AIDS Therapies and Vaccines
The search for a vaccine that would protect people from HIV infection, by blocking the entry of the virus into the immune cells, has been ongoing almost as long as the search for AIDS treatment strategies. At least 25 experimental vaccines have been created since identification of the disease. Unfortunately, few have proved even promising enough to complete the large-scale testing on human volunteers that is required to demonstrate the vaccine's success.
Some initial vaccine trials, however, have occurred. In June 1998, a large-scale test began with 5,000 volunteers in 30 cities in the United States, and a smaller group in Thailand. Volunteers were given a series of injections that hopefully stimulate the immune system to resist the two most common strains of the AIDS virus. Previous trials using smaller numbers of people documented that 99.5% of the vaccinated volunteers produced strong levels of resistance in their immune cells, which then target and kill infections such as HIV. The trial was expected to last three years. The conclusions of the trial are expected by 2004.
Also in 1998, a group of researchers at the University of Michigan proposed to develop a vaccine that would prevent someone with HIV from passing it on to someone else. Such a vaccine would be given within the first three months after infection, when the virus is most contagious. Their theories resemble those used to create the Salk polio vaccine in the 1950s, which reduced the polio virus symptoms and drastically reduced its ability to infect others, virtually eliminating the disease within a decade. The feasibility of this approach remains to be experimentally examined.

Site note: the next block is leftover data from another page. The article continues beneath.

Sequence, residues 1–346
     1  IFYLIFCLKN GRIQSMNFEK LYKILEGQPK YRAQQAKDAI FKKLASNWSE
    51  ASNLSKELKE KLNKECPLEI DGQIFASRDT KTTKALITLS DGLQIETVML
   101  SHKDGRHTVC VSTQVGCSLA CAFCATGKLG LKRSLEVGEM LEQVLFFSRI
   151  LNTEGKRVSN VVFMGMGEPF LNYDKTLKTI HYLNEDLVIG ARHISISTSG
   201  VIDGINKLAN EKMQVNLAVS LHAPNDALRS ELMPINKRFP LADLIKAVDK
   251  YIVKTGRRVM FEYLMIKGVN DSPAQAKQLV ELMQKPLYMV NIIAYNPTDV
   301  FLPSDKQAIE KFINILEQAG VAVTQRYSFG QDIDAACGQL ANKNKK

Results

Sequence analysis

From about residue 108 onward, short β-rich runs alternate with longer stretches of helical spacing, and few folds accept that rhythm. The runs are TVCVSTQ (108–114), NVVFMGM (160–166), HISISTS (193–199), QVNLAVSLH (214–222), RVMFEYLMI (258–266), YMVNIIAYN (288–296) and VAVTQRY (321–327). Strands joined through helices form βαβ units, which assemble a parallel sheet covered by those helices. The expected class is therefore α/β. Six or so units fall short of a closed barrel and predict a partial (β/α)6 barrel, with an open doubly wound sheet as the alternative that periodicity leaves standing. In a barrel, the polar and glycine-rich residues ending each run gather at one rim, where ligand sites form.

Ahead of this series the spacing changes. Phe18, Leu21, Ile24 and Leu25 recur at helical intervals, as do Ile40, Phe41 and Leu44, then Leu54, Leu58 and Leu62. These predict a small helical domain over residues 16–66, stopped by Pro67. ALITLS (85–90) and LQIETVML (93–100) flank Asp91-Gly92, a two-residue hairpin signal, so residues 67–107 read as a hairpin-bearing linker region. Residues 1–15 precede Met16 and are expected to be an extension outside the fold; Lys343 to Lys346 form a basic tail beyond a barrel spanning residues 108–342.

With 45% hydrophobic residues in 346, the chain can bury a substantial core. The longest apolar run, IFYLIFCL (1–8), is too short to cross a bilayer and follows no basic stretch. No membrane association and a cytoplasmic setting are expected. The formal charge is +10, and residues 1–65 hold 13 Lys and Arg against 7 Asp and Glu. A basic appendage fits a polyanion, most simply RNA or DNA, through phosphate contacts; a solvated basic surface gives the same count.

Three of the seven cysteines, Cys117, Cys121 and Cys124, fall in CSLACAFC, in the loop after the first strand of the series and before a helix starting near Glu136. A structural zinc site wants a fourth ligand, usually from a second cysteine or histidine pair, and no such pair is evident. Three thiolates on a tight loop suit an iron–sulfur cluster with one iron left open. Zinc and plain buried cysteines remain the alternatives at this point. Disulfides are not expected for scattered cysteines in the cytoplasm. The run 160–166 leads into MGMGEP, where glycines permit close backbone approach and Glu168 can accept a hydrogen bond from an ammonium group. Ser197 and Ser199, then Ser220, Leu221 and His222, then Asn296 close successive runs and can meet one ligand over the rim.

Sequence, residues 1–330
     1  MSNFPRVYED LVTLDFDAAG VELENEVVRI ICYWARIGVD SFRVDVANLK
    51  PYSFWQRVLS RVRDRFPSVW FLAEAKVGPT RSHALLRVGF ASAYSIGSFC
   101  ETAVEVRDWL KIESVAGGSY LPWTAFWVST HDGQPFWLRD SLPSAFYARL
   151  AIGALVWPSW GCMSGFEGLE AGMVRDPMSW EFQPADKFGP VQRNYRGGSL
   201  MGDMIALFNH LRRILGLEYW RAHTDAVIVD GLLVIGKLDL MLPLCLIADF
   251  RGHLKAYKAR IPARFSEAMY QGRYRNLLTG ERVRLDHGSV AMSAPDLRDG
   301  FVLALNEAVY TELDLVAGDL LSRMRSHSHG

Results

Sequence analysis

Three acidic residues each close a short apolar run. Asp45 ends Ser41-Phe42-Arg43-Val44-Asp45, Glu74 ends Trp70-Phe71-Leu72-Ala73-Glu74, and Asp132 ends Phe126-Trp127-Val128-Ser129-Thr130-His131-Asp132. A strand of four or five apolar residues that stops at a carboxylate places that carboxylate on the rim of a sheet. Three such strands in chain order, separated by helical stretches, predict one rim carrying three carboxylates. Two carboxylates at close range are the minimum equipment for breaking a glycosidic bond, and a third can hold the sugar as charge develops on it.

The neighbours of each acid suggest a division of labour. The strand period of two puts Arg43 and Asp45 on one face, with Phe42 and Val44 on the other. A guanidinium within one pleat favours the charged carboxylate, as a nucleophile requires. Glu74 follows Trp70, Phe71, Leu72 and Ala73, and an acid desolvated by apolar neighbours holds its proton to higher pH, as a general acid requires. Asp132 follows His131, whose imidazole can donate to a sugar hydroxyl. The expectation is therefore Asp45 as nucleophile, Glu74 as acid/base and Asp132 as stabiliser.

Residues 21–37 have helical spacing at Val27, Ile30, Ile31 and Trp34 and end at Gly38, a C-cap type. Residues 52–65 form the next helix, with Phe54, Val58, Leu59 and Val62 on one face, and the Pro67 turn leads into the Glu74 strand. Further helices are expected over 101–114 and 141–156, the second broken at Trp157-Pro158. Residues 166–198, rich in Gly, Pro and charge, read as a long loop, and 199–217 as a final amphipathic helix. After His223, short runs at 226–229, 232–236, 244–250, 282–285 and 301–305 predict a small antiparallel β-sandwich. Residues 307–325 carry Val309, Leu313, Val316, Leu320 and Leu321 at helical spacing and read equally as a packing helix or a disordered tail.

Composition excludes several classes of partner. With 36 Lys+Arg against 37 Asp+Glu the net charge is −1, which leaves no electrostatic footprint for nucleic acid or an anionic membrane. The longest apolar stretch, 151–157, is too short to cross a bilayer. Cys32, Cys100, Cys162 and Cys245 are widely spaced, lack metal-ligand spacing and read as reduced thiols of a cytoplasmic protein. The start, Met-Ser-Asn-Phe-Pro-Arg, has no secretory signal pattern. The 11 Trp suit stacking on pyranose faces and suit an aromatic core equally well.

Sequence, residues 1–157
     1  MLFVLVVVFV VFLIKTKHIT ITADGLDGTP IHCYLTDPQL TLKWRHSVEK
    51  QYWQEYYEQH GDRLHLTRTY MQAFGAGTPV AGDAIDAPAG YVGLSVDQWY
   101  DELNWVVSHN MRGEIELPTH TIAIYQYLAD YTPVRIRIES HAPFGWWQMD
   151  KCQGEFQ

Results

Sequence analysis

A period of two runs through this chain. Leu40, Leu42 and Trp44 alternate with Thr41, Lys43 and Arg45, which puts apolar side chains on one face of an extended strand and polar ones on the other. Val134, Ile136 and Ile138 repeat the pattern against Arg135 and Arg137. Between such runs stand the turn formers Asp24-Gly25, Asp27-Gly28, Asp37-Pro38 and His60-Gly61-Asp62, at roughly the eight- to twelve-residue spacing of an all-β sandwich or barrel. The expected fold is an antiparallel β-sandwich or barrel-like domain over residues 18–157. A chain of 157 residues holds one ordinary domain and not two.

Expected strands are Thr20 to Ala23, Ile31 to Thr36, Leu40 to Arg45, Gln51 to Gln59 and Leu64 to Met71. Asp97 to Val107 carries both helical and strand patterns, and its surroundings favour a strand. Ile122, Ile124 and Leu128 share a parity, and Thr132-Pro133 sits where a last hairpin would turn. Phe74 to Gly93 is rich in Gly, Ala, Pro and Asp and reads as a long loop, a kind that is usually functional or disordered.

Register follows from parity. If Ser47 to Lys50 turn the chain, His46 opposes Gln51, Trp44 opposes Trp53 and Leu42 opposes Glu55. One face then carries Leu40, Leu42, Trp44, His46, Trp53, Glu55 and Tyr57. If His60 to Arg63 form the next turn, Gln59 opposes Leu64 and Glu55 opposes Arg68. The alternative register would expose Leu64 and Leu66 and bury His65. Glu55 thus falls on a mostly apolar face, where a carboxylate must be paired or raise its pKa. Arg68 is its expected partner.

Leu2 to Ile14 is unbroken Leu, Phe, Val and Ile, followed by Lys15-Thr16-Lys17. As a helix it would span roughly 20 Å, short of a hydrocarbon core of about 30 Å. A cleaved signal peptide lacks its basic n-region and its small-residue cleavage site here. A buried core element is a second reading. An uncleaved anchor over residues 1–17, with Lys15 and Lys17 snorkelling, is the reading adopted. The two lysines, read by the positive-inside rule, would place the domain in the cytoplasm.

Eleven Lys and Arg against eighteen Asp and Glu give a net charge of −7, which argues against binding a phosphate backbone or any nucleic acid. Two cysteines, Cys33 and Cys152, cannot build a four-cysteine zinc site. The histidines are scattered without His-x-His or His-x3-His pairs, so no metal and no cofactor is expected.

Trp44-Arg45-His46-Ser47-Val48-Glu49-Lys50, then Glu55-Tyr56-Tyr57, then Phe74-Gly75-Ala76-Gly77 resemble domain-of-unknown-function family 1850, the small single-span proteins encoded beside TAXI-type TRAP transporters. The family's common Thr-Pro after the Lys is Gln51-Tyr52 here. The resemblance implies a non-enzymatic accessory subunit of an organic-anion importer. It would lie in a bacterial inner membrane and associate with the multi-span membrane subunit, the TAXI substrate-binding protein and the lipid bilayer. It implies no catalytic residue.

Bartlett, J.G., and A.K. Finkbeiner. The Guide to Living with HIV Infection. Baltimore: Johns Hopkins University Press, 1998.
Gaschen, B., J. Taylor, K. Yusin, et al. "AIDS-Diversity Considerations in HIV-1 Vaccine Selection." Science 296 (June 2002): 2354–2360.
Vastag, B. "HIV Vaccine Efforts Inch Forward." Journal of the American Medical Association 286 (October 2001): 1826–1828.
United States National Institutes of Health. "National Institute of Allergy and Infectious Diseases" [cited October 19, 2002]. <http://www.niaid.nih.gov/daids/vaccine>.